Posted by
Nov 15, 2021

Audio Kitchen Fake Plastic Trees

Audio Kitchen is a boutique amp and pedal builder based in the UK that focuses on their own, scrupulously engineered designs, deliberately avoiding to “pay homage” to existing classics. The Fake Plastic Trees overdrive/distortion/fuzz is a solid state version of the line out of their own popular The Big Trees tube pedal, which sells for over $1,000 USD on Reverb.

The pedal’s circuit simulates the behavior of an EL84 tube with a JFET transistor.

The four knobs deal with Volume, Bass (Root), Treble (Branch) and Gain, and can concot a wide variety of amp-like tones both for the amount of gain (from boost to fuzz) and for the tonal character.

Hear the sounds produced by the Audio Kitchen Fake Plastic Trees in the videos below.

The Fake Plastic Trees (FPT) is a scrupulously engineered, solid state homage to the array of euphonic joy available on the *‘line out’ of our much loved The Big Trees (TBT).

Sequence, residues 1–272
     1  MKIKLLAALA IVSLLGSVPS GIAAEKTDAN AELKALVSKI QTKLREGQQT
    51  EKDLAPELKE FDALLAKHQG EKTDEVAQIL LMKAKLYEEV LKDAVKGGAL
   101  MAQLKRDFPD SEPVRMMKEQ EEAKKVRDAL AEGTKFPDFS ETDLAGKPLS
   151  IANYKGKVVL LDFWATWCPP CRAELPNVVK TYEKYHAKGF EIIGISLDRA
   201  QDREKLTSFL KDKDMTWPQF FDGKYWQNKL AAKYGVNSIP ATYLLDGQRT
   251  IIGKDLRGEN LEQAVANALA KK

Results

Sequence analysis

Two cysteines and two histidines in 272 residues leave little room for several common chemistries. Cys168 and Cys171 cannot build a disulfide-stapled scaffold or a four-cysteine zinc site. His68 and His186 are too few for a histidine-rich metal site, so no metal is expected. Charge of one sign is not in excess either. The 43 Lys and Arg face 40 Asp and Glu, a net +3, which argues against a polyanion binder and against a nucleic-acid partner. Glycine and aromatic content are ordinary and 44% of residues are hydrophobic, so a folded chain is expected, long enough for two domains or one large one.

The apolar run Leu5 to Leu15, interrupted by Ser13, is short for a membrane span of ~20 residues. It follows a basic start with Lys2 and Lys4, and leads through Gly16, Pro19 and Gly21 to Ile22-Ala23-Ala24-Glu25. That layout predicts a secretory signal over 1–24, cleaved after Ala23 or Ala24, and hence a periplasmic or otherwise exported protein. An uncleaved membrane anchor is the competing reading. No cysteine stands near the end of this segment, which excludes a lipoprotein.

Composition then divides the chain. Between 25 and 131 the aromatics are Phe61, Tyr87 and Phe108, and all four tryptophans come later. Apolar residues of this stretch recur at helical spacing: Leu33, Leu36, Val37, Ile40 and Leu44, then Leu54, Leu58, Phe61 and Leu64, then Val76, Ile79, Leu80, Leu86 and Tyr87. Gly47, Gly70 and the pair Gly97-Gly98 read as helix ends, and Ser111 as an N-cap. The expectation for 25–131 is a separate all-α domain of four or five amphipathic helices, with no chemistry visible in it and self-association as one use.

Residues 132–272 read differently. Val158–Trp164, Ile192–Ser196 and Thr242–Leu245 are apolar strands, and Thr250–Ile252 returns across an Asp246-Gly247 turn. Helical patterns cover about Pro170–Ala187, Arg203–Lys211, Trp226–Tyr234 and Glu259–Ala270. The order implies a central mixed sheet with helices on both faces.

‘But what’s inside?’, I hear you cry! The following are a few of the elements:
Class A, hand-graded JFETs, a discrete stage modelling the EL84 grid-clipping profile, a custom Mumetal output transformer, TBT speaker load, and a Class A line driver.

The combination of those components, plus the painstaking refinement of each element have crystallised into a pedal which has the ultra-dynamic feel and irresistible playability that have become Audio Kitchen hallmarks.

As I type, there are very few of these out in the wild, but in the same way as TBT has spread its canopy of application further than I could have imagined, I’m eager to see what you all make of this new addition.

Here’s one encouraging first impression:

“Loving it. So musical and flexible. Gives an otherwise flat amp some dimension. And can punch out some fat clean and super squeeze small amp tones too. Especially with the bass cranked. Very expressive. I think the key is a no master volume amp. It really shines there.
i was gonna stop several times but i kept playing to see what else i could get from it—so many sounds—modern and old.” – Joe Barresi